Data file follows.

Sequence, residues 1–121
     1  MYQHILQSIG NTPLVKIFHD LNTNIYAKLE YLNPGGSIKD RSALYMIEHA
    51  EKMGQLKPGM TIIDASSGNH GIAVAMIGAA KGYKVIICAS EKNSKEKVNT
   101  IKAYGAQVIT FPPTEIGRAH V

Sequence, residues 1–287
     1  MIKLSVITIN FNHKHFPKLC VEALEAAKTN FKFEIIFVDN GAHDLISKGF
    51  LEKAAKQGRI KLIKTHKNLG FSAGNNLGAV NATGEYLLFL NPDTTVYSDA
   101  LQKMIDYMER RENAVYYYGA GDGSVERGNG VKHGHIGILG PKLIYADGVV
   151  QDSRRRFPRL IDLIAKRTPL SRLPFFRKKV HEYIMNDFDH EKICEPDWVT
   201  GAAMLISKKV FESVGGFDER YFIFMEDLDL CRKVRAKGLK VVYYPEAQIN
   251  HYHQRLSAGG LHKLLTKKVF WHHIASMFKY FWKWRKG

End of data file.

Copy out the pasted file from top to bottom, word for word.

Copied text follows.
Sequence, residues 1–121
     1  MYQHILQSIG NTPLVKIFHD LNTNIYAKLE YLNPGGSIKD RSALYMIEHA
    51  EKMGQLKPGM TIIDASSGNH GIAVAMIGAA KGYKVIICAS EKNSKEKVNT
   101  IKAYGAQVIT FPPTEIGRAH V

Sequence, residues 1–287
     1  MIKLSVITIN FNHKHFPKLC VEALEAAKTN FKFEIIFVDN GAHDLISKGF
    51  LEKAAKQGRI KLIKTHKNLG FSAGNNLGAV NATGEYLLFL NPDTTVYSDA
   101  LQKMIDYMER RENAVYYYGA GDGSVERGNG VKHGHIGILG PKLIYADGVV
   151  QDSRRRFPRL IDLIAKRTPL SRLPFFRKKV HEYIMNDFDH EKICEPDWVT
   201  GAAMLISKKV FESVGGFDER YFIFMEDLDL CRKVRAKGLK VVYYPEAQIN
   251  HYHQRLSAGG LHKLLTKKVF WHHIASMFKY FWKWRKG